• current account balance (CA)


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Saving and Wealth

  • Relating saving and wealth

    • Stocks and flows

      • Flow variables: measured per unit of time (GDP, income, saving, investment)

      • Stock variables: measured at a point in time (quantity of money, value of houses, capital stock)

      • Flow variables often equal rates of change of stock variables

    • Wealth and saving as stock and flow (wealth is a stock, saving is a flow)


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Saving and Wealth

  • Relating saving and wealth

    • National wealth: domestic physical assets + net foreign assets

      • Country’s domestic physical assets (capital goods and land)

      • Country’s net foreign assets = foreign assets (foreign stocks, bonds, and capital goods owned by domestic residents) minus foreign liabilities (domestic stocks, bonds, and capital goods owned by foreigners)

      • Wealth matters because the economic well-being of a country depends on it


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Saving and Wealth

  • Relating saving and wealth

    • National wealth: domestic physical assets + net foreign assets

      • Changes in national wealth

        • Change in value of existing assets and liabilities (change in price of financial assets, or depreciation of capital goods)

        • National saving (S = I + CA) raises wealth

      • Comparison of U.S. saving and investment with other countries

        • The United States is a low-saving country; Japan is a high-saving country

        • U.S. investment exceeds U.S. saving, so we have a negative current-account balance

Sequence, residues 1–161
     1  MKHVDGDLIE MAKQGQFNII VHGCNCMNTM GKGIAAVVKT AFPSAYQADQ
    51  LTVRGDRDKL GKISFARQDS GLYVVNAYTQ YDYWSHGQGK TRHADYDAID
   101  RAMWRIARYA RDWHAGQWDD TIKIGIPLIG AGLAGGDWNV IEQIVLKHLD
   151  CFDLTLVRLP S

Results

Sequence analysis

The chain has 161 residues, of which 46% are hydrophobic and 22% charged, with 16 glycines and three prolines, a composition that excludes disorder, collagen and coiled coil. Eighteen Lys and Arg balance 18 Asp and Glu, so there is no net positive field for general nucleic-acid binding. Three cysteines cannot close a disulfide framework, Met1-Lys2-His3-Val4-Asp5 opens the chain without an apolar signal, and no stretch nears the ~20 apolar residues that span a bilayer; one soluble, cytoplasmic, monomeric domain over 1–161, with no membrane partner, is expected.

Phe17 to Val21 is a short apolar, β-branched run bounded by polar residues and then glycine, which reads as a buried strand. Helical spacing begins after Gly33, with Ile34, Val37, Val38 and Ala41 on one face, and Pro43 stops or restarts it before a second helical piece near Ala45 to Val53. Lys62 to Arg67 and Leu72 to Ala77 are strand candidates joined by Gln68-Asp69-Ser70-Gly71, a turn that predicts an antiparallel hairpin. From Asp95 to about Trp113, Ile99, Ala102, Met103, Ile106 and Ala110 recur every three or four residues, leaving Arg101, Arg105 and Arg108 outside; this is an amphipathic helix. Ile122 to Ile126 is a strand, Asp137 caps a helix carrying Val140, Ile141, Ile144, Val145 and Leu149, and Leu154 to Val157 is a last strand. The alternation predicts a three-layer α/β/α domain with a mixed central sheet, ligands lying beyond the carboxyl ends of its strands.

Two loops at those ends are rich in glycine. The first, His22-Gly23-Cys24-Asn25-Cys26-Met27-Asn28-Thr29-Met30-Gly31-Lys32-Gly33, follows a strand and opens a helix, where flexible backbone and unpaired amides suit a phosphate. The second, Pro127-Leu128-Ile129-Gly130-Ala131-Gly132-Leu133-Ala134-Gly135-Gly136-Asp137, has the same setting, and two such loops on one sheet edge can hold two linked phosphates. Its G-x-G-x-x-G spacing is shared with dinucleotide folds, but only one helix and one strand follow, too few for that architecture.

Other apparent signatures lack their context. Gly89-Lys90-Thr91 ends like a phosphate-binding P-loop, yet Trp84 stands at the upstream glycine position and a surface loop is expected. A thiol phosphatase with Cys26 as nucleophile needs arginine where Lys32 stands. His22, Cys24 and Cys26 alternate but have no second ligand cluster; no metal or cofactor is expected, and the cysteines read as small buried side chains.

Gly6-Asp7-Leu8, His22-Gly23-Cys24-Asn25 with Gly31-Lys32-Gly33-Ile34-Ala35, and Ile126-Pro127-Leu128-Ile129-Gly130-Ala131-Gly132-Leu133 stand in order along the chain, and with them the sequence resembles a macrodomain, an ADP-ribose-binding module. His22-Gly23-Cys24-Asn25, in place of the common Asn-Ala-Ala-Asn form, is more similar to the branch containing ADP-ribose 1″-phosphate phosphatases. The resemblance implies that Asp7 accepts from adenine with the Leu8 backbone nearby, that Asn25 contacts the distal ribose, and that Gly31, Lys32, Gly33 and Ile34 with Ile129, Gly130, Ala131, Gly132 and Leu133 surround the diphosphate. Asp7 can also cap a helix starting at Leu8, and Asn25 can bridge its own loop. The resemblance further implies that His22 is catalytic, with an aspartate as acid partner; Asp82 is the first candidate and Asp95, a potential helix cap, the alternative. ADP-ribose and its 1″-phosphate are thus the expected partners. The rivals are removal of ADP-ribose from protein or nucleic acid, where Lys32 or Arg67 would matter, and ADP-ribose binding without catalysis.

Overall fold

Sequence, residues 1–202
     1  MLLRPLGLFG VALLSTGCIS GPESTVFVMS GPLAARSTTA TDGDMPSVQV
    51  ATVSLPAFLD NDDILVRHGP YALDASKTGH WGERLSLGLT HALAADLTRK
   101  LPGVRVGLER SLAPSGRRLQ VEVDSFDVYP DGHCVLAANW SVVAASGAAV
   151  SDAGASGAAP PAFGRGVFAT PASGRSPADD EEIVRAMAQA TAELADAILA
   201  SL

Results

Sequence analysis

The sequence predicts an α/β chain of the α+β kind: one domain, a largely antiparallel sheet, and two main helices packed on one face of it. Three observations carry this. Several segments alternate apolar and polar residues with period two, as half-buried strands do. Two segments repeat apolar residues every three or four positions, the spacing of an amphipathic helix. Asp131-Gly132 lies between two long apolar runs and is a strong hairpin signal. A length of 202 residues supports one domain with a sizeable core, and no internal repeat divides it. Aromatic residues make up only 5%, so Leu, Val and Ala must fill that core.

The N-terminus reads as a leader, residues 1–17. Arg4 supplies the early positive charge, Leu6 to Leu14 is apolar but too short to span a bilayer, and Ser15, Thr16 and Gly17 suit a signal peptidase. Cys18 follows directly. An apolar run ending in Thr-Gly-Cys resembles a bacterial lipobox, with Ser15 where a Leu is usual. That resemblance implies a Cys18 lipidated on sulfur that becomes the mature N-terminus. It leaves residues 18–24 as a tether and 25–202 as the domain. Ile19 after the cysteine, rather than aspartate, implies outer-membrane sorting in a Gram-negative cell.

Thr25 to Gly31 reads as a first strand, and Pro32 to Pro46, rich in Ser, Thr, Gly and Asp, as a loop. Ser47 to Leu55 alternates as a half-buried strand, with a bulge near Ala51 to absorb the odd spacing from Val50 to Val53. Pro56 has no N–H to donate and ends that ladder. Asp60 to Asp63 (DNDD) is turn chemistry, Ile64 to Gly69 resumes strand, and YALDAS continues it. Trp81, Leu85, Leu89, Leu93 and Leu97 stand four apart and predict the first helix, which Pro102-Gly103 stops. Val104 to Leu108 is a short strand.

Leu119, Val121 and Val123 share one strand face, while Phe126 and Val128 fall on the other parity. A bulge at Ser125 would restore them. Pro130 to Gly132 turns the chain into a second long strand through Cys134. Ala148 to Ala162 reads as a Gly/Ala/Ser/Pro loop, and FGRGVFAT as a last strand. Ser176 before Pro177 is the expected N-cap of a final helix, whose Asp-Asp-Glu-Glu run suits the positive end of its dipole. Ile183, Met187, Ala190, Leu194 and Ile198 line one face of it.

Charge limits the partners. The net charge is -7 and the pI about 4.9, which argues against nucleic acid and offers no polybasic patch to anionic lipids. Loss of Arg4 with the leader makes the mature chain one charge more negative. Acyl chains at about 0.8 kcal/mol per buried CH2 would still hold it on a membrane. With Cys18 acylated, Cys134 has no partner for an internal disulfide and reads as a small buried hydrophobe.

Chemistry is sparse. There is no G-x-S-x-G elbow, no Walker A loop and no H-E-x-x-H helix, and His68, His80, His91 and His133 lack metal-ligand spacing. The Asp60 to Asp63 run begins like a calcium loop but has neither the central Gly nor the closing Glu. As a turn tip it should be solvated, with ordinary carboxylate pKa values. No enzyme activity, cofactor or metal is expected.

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Summary 1 Measures of the Aggregate Savings


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Saving and Wealth

  • Application: Wealth Versus Saving

    • The personal saving rate has declined dramatically in recent years (Fig. 2.1)


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Figure 2.1 Personal Saving Rate, 1947-2006


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Saving and Wealth

  • Application: Wealth Versus Saving

    • We might not need to worry about the decline in the personal saving rate because:

      • private saving is the relevant measure of saving

      • the personal saving rate may be revised upward in the future (Fig. 2.2)


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Figure 2.2 Personal Saving Rate Reported by the Government At Different Vintage Dates, 1995-2006


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Saving and Wealth

  • Application: Wealth Versus Saving

    • We might not need to worry about the decline in the personal saving rate because:

      • the personal saving rate ignores capital gains; as people’s wealth rises, their saving rate declines (Fig. 2.3)


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Figure 2.3 Annual change in net worth divided by disposable personal income, 1953-2006


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Real GDP, Price Indexes, and Inflation

  • Real GDP

    • Nominal variables are those in dollar terms

    • Problem: Do changes in nominal values reflect changes in prices or quantities?

    • Real variables: adjust for price changes; reflect only quantity changes


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Real GDP, Price Indexes, and Inflation

  • Real GDP

    • Example of computers and bicycles

    • Nominal GDP is the dollar value of an economy’s final output measured at current market prices

    • Real GDP is an estimate of the value of an economy’s final output, adjusting for changes in the overall price level


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Table 2.3 Production and Price Data